Norman Island

Beez Neez now Chy Whella
Big Bear and Pepe Millard
Mon 4 Jan 2010 23:54

Norman Island



After our success in laying to rest Bernie's symbol of all things unkind, it was time to find a buoy in the sheltered anchorage of The Bight on Norman Island.






As soon as we set foot ashore we saw a huge stingray playing in the shallows. Then we saw this sea worm, turned him gently over for a closer look.


Our cruising guide says:

Norman is one of the islands making up the perimeter of the Sir Francis Drake Channel. Often referred to by the locals as "Treasure Island". A letter of 1750 stated, "Recovery of the treasure from Nuestra Senora buried on Norman Island, comprising $450,000 dollars, plate, cochineal, indigo, tobacco, much dug up by the Tortolians".





Wikipedia says:

Norman Island is located at the southern tip of the BVI's archpelago. It is reputed to be the inspiration for Robert Louis Stevenson's pirate novel Treasure Island.


History: It is said that the island was named after a pirate who bought it or leased it at some point during the early 18th century, although supporting evidence for this contention is difficult to find.

However, Norman Island also has a documented history of pirate booty being stowed upon the island. In August of 1750 a Spanish treasure galleon named Nuestra Senora de Guadeloupe sought shelter from a storm on the North Carolina coast. The crew mutinied and the treasure, said to consist of (amongst other things) fifty five chests of silver coins, was loaded into two Bilanders, one of which was manned by Owen Lloyd. The first vessel perished, but Lloyd escaped to St Croix. After disposing of some of the money, he proceeded to Norman Island where the treasure was buried. Lloyd and his crew were later arrested in St. Eustatius, but word of the treasure spread, and residents of Tortola went to Norman Island and dug it up for themselves. Part of the booty was later recovered by Gilbert Fleming, Lieutenant-General of the Leeward Islands at the time, who travelled to Tortola with two companies of soldiers. Fleming persuaded Abraham Chalwill, the acting Lieutenant Governor of the British Virgin Islands (who had coincidentally lead the search for the treasure on Norman Island) to issue a proclamation whereby the treasure would be returned and the people who had dug it up would receive a one-third share as a reward.

There the historical record ends, but local rumours abound that a member of a well-known local family had been fishing near Norman Island and took shelter in one of the caves on the Western coast of Norman Island during a storm. The surge repeatedly banged his small boat against the walls of the cave, whilst the storm surge caused the water level to rise several feet. When the fortunate fisherman woke the next morning, a large number of rocks had broken off into his small craft, as had a small chest, supposedly filled with gold doubloons. The story cannot be verified as no legal application for treasure trove was ever made but it is known that members of the family ceased being fisherman and left Tortola at about the time to open some shops in Charlotte Amelie in St. Thomas.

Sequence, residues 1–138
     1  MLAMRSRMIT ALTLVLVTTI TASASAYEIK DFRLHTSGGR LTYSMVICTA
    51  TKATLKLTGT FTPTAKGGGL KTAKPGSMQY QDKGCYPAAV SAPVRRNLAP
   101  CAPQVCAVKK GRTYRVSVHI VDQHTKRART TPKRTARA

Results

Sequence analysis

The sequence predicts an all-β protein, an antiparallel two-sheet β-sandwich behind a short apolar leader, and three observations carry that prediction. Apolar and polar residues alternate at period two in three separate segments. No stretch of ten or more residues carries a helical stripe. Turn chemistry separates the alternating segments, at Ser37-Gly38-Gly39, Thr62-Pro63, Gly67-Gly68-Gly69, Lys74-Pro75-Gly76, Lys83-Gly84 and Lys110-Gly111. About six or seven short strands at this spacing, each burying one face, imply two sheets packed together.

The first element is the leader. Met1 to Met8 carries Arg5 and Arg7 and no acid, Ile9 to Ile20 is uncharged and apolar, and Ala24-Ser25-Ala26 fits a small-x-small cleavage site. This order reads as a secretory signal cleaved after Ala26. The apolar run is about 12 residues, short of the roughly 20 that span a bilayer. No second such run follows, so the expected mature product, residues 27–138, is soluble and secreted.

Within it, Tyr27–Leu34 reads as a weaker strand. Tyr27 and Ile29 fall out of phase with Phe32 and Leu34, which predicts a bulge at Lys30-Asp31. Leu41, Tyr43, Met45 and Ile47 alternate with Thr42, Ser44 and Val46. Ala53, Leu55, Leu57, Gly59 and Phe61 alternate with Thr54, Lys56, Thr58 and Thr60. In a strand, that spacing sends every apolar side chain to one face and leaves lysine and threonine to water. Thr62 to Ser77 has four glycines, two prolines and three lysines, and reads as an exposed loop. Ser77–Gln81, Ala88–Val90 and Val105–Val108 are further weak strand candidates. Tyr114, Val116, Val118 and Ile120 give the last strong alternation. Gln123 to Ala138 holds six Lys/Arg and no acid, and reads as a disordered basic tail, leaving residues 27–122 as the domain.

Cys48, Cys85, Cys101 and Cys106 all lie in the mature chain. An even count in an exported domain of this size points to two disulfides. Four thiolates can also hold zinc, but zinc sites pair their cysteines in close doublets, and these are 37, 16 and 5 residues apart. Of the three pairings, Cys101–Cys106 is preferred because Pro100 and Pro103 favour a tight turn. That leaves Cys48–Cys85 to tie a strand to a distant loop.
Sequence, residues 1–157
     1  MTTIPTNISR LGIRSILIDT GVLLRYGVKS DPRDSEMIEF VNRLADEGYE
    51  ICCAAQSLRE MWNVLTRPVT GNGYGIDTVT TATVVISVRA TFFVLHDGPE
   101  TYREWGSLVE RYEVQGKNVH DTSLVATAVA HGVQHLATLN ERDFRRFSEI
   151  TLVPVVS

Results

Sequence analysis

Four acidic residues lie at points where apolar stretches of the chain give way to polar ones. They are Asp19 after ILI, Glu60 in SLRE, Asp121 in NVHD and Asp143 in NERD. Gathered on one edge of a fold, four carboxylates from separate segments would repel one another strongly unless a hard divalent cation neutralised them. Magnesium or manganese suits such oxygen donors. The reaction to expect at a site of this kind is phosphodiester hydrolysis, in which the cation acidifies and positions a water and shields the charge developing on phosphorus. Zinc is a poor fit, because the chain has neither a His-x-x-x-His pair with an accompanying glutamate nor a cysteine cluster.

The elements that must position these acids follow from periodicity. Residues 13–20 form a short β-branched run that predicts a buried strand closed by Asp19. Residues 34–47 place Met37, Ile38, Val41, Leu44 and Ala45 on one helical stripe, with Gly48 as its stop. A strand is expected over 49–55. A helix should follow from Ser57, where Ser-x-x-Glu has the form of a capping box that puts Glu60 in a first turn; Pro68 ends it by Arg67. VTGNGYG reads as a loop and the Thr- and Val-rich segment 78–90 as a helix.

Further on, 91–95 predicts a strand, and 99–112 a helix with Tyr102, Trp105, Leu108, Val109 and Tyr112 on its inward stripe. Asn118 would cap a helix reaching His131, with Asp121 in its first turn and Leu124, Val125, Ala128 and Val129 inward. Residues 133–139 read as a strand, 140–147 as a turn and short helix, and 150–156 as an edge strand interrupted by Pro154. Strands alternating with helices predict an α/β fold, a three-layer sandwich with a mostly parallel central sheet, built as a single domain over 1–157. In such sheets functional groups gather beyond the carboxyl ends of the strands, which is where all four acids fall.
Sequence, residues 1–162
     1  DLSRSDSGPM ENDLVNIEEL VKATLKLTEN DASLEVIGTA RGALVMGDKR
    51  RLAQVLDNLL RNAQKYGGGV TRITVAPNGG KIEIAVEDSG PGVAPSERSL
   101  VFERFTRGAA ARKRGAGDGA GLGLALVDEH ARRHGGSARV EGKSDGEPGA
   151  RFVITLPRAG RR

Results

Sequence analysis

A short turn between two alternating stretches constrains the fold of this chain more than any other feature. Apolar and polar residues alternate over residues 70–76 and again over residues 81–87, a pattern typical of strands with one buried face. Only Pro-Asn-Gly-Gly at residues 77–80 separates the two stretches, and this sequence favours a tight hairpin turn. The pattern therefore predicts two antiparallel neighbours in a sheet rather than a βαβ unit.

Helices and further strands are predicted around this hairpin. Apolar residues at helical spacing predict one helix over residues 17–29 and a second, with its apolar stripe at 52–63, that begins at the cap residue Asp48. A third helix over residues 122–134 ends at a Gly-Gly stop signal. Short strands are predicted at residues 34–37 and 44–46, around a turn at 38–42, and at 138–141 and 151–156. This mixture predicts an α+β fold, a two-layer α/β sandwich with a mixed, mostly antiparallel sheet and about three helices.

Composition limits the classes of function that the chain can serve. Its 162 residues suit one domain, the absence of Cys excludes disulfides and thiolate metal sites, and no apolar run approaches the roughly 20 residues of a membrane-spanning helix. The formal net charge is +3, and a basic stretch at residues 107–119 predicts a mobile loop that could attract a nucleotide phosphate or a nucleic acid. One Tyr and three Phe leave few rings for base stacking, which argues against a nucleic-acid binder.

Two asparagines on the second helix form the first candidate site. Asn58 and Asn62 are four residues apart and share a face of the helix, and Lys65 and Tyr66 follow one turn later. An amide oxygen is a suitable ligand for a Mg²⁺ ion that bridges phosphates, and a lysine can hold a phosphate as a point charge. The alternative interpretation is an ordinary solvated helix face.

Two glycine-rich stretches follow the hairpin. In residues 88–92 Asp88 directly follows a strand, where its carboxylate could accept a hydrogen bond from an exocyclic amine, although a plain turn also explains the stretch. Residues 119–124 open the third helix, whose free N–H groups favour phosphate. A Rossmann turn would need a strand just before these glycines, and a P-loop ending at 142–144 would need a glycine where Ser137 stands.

Rumours persist of more pirate gold to be found on Norman Island, although to date no applications have ever been made for treasure trove.




It's not often I shock Jump, but, saying "Do you want a suck from my bucket" perhaps just did. Jump wanted a cup of tea, Bear bought us two a bucket of Painkiller.



Today: The island is uninhabited and privately owned by Dr Henry Jarecki. Its area is about six hundred acres (2.4 km²), and is about 2.5 miles long. A large harbour known as "The Bight" offers one of the most protected anchorages in the area. It is considered to be one of the "Little Sisters," along with the islands - Pelican, Peter, Salt, Ginger and Dead Chest Island. This group of islands is smaller, lower and more arid than other islands to the north and west.


Norman Island is a well-known destination for cruisers and other tourists because of three water-level caves at the base of cliffs just outside the western edge of The Bight. The caves are ideal for snorkeling, and push deeply enough into the cliffs that darkness makes the experience like a night dive.






The island has no permanent inhabitants (other than wild goats), but there is a restaurant and bar named "Pirates" located in the Bight. There is also an old barge named the William Thornton (or "Willie T" to locals) which operates as a bar and restaurant.

In the television show The Jeffersons one of the characters is from the Caribbean island of "St. Norman". This is probably an inside joke since the creator of the show was Norman Lear.




Whatever Norman Island is or is not, it will go down in our history as the first place we saw a 'Mr Pecalin' landing and sitting smiling on a tree


Our Imray textbook says:

Norman Island is best known for its caves and buried treasure. According to some, Robert Louis Stevenson had learned of the discovery of this treasure through an old letter of his grandfather, and that inspired him to write Treasure Island. Others talk of an old family with French origins who found Spanish doubloons in a cave in 1900. Whatever the truth really is, why not keep the legend going anyway?